Everything You Need To Know About IR35 And The Implications

For many companies across the UK adjusting to the new IR35 rules has been quite confusing. IR35, also known as off-payroll working rules, took effect from 6th April 2021.  It was already operational across the Public sector (from 2019) and is now in effect for medium or large sized companies within the private sector.

What Does IR35 Even Mean?

IR35 stands for ‘Inland Revenue 35’, which was the name of the press release that first announced the anti-tax avoidance legislation in 1999. The correct term is the Intermediaries Legislation – the contractor’s limited company being the intermediary.

Intermediaries Legislation
IR35 Anti-Tax Avoidance

But What Does It Really Mean?

The tax liability is now on the company employing / using the contractor’s services. Which means that businesses must understand and apply the government tests to verify the employment status of all workers in their business. Workers who are now deemed as employees will fall under the usual HMRC tax rules. This means that many skilled workers previously working as a Ltd company contractor and making tax savings as a result, will end up paying full PAYE and NI contributions.

So What Are The IR35 Implications Beyond Tax?

According to the Federation of Small Business there are 6 million private sector businesses in the UK of which 4.6 million have no employees. Some of these individual contractors will inevitably fall outside of IR35 and will continue to offer their services on a consultancy basis.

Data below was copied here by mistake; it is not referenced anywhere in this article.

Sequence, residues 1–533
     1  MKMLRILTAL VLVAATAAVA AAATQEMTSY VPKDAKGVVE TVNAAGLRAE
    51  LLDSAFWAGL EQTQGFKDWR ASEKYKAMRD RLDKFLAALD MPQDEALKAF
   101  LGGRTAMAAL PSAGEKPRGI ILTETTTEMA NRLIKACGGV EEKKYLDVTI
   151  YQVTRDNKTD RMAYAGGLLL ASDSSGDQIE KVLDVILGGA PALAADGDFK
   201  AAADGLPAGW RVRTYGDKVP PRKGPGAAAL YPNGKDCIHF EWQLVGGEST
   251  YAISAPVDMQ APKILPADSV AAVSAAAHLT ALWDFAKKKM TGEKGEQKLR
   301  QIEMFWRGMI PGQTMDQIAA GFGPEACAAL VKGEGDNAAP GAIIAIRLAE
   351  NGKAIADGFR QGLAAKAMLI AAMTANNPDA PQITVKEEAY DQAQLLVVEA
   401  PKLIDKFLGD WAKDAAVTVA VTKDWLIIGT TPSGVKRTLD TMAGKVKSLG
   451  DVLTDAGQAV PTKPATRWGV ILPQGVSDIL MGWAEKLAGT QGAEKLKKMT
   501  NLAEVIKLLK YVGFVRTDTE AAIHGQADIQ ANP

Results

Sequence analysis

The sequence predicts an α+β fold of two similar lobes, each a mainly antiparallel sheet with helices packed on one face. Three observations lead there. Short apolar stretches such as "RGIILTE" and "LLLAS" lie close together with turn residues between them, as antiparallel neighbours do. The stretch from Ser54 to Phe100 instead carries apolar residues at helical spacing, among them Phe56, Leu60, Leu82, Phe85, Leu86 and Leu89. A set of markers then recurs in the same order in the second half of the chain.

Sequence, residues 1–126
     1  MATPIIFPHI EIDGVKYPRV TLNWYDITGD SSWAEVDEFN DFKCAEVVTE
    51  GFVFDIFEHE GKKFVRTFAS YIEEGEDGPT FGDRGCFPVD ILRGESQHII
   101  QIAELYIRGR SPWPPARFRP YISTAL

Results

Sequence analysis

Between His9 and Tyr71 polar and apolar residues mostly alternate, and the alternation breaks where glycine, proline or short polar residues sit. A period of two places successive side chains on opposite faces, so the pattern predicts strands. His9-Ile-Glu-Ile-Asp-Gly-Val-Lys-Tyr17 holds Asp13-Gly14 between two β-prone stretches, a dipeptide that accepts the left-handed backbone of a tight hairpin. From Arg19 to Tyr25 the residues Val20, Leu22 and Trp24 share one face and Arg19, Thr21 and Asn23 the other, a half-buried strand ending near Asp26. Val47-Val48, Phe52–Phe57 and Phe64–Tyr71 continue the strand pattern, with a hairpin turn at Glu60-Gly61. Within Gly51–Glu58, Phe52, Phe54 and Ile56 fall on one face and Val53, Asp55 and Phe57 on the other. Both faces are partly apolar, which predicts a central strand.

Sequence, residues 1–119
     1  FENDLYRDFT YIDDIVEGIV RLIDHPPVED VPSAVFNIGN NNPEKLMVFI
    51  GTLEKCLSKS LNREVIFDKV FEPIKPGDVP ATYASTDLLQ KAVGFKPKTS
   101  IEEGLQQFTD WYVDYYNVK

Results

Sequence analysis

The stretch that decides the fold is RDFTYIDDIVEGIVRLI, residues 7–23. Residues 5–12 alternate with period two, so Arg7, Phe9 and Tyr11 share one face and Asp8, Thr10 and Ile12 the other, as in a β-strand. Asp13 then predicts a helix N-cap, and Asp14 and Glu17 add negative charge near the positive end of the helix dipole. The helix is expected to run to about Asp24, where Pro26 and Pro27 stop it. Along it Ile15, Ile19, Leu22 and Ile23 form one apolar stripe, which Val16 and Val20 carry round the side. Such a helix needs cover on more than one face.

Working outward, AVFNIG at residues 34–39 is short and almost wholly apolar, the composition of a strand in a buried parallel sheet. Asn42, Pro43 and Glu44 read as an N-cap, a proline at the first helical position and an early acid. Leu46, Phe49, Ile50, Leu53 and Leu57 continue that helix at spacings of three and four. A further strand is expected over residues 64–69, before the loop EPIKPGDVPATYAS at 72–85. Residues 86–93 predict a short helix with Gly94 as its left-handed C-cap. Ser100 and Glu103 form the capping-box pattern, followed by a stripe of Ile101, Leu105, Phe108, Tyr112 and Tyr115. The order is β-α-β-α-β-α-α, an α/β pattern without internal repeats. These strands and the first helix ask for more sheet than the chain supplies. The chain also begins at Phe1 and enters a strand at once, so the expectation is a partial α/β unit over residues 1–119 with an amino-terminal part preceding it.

Many of the contractor population, are highly skilled workers choosing the Ltd company contractor route as a preferred lifestyle choice. Enabling the ability to generate financial security in return for their skills and knowledge.  Although contractors work in many industries such as the creative industries and IT, the Public Sector, Finance and Consultancy. There is still a large concentration of such workers in the Construction and Engineering sectors.

IR35 Construction
IR35 Contractors – Construction Industry

As long ago as 2014, the BBC reported that the average age of engineers in the UK was 54. And a 2019 report from Engineering UK suggests a shortfall of between 37,000 – 59,000 Engineers each year. So with many engineers choosing to stop work or retire, and not enough engineers in the first place, IR35 is going to compound a skills shortage which already exists.

IR35 does not mean that temporary or short-term skilled workers cannot be engaged by a business. As long each role is assessed prior to advertising, and the role falls outside of IR35, contractors can still be employed.

There is an opportunity to ensure that knowledge is retained with the workplace. Concentrating on developing key talent within the business, rather than investing heavily in contractors who are not invested in your business.

Our blog Six Reasons Why Hiring a Student Can Support Succession Planning talks about ways in which students, graduates and post graduates might be a solution to the widening skills gap caused by the exodus of skilled workers prompted by IR35.

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